Without a doubt there is an important connection between our sleep quality and our physical fitness goals, and in many cases this is a lesser considered piece of the complex healthy living puzzle.
Diet, motivation, timing, supplements, exercise, rest, and gear are the most common fitness subjects that we consider when plotting our goals. After months of training, if expectations are not met and we aren’t reaching our goals, we’re most likely to blame one of these things.
Although the most common fitness struggles (focus, energy, endurance, plateauing) can sometimes be the culprit hindering our goals, be sure to consider other aspects of your lifestyle that might be surprisingly halting your potential… Are we resting enough?
Did you know, Sleep plays a huge role in muscle recovery? Without adequate rest your body will fail to adapt to even the best training programs or nutritional plans. During your sleep cycles, growth hormones are produced and protein synthesis occurs. For active individuals this impacts your energy consumption, mental focus/alertness and physical readiness for tomorrow’s workout.
Physical Benefits of Sleep:
- The repairing of muscle and other tissues, and the replacement of aging/dead cells.
- Protein synthesis occurring under conditions of sleep but it occurs in the gastrointestinal tract, not the muscles.
- Human growth hormone is created and released by the body during early sleep stages which is typically when the deepest sleep cycles exist.
- During REM (Rapid Eye Movement) the body will restore organs, bones, and tissue. Replenish immune cells and circulate human growth hormone. Sleep has a profound effect on overall muscle growth and physical well being.
- The body has less of a need for energy consumption with sufficient rest. If we didn’t need sleep we would need double the meals in our day.
- During sleep the brain is recharges, increasing your alertness during your waking hours.
Sleep Stages & the Sleep/Wake Cycles:
The brain cycles through several stages during sleep, lasting around 90 to 100 minutes each. The two different types of sleep are classified as REM and non-REM sleep. A sleep cycle begins with 4 stages of non-REM sleep before they reverse and REM concludes your rest. Most people will experience approximately five of these cycles each night of rest. Knowing about sleeps stages are important for athletic individuals as the stages typically follow a set pattern and to adequately recover, ones brain must forgo each of these stages.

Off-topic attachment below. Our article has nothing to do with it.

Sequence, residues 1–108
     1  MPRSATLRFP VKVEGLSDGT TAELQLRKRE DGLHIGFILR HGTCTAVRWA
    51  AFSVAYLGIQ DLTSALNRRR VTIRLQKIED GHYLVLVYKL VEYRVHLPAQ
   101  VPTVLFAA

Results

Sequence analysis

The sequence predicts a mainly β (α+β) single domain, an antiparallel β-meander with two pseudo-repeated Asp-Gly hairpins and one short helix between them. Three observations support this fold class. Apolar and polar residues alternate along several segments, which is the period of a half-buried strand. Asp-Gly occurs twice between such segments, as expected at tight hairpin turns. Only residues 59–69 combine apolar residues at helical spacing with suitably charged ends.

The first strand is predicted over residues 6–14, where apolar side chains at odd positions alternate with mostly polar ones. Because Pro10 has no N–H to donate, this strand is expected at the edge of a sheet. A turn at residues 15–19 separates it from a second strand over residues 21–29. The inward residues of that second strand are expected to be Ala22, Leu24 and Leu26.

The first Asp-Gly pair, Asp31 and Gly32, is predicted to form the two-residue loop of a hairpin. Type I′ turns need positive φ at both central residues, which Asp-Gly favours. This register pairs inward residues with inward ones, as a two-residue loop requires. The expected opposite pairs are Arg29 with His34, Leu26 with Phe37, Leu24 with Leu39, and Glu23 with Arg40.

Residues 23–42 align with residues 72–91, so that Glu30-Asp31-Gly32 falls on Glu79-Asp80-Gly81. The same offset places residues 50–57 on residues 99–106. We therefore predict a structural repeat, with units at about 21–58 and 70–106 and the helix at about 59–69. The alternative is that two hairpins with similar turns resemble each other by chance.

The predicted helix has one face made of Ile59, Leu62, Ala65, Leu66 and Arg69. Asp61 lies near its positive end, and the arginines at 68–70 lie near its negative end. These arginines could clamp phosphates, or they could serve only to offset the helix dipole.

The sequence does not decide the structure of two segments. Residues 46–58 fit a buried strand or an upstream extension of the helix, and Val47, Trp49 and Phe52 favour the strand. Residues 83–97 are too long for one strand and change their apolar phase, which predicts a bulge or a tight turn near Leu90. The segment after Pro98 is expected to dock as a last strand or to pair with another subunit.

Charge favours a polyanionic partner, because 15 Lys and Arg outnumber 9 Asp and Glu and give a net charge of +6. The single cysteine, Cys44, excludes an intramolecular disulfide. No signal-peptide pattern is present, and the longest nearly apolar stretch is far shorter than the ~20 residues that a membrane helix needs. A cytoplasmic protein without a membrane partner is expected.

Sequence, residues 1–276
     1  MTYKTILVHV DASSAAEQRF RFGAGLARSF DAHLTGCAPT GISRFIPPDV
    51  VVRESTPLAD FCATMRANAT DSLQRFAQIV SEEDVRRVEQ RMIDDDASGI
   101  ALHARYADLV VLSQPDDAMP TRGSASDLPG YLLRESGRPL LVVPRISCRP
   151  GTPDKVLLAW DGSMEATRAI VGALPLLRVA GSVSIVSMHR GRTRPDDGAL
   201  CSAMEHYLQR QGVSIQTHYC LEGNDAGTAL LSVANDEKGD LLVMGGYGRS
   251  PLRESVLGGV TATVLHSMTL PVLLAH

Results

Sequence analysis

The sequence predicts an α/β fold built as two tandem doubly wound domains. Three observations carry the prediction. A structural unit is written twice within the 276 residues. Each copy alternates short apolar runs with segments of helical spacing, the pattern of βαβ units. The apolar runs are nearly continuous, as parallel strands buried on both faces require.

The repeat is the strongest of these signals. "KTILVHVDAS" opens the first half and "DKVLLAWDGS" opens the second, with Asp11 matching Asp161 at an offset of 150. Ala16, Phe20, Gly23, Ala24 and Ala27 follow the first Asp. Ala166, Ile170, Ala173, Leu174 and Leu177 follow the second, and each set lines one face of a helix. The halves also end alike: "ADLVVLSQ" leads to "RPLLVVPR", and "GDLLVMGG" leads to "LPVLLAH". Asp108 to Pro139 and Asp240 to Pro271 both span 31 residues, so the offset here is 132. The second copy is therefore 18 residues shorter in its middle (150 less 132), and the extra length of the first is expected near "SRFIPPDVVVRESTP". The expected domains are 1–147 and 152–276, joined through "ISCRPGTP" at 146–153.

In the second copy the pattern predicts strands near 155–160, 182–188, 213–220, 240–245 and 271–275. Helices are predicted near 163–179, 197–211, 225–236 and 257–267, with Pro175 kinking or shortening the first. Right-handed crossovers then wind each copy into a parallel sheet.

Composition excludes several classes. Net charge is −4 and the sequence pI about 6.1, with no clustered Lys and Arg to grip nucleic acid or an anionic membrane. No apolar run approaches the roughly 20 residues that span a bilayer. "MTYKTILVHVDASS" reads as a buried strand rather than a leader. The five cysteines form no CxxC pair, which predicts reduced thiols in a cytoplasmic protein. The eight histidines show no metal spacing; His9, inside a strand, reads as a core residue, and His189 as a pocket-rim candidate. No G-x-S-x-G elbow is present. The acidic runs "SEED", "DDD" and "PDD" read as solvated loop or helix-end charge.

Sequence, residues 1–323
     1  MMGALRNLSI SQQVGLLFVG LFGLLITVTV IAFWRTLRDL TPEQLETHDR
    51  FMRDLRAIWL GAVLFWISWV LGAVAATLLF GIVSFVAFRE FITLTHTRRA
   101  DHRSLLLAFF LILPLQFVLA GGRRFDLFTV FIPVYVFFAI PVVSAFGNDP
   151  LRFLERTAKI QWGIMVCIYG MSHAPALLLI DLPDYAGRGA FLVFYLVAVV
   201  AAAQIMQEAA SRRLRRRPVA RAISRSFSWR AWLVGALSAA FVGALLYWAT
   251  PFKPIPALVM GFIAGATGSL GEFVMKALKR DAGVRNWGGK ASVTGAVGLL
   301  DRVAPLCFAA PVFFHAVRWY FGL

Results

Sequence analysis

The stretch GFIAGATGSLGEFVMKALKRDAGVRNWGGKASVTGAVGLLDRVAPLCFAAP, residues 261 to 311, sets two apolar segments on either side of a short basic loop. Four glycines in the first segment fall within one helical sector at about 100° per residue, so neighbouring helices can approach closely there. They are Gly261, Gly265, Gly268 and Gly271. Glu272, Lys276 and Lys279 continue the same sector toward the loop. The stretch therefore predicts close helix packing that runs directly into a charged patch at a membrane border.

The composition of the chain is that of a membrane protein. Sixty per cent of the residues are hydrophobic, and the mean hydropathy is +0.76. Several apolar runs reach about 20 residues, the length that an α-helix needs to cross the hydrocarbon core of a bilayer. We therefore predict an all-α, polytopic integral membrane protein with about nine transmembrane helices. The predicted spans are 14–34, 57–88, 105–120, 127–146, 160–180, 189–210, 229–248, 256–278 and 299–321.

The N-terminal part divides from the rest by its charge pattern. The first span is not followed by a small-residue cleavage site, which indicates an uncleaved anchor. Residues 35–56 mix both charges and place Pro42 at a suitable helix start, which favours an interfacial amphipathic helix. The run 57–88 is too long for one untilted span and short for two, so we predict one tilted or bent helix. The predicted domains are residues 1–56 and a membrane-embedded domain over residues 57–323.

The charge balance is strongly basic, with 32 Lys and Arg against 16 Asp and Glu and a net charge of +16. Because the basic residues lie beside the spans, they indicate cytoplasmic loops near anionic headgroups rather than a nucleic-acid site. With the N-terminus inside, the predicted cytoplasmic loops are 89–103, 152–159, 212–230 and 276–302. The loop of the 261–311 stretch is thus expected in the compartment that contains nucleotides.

Stage 1: The transition stage between sleep-fulness and wakefulness, stage one non-REM sleep is the shortest period of sleep in the sleep/wake cycle.
Stage 2: The baseline of sleep, non-REM sleep stage two accounts for the majority of your sleep time.
Stages 3 & 4: Non-REM sleep stages three and four are the deepest stages of sleep and the most restorative for both the brain and body.
REM Sleep: The most active stage of sleep. Breathing, heart rate and brain activity quicken during this stage.
Getting Adequate Rest:
Often it is hard to get a great night of sleep. Even when we do fall asleep the quality of the sleep may not always feel like enough. Here are a few ways to better that good night sleep increase the benefits associated.
- Limit Oversleeping: Constant oversleeping may interrupt your body clock, pushing you into a different cycle. This will make trying to fall asleep increasingly harder for you.
- Take A Warm Bath: A warm bath will soothe and relax the muscles you have been training while putting you in a restful mindset for bed. The scent of Lavender will ease anxiety and insomnia, increasing the onset of sleep.
- Exercise: Exercising during the day will tire one out and help sleep to come faster. Intense training sessions too close to bedtime can have the opposite effect, leaving you restless past your bedtime
- Limit Caffeine and Booze: Caffeine causes a hyperactive mind. Alcohol can put you out faster but will disrupt later stages of your sleep, leaving you awake before fully rested. Here is a list of beverages to drink (or not) before bed.
- Avoid Sleeping Aids: These may work temporarily or in a crunch but long term patterns or dependencies can be harmful to your precious rest.
- Optimal Sleeping Environment: Keep your room reasonably cool (60-67 degrees). Invest in a quality sleep essentials. Consider mattresses with foam layering and zoned support for better spinal alignment, support, and temperature regulation.
- Establish a Bedtime Routine: Make your evenings relaxing, create comfortable and familiar routines (tea, bath, yoga, reading) that set you up for great rest.
- Limit the Distractions in your Bedroom: Avoid mental stimulations too close to bedtime. Your wandering mind is the best entertainment for your pre-bedtime needs. Harsh lights or distraction can leave your brain awake while your body is exhausted.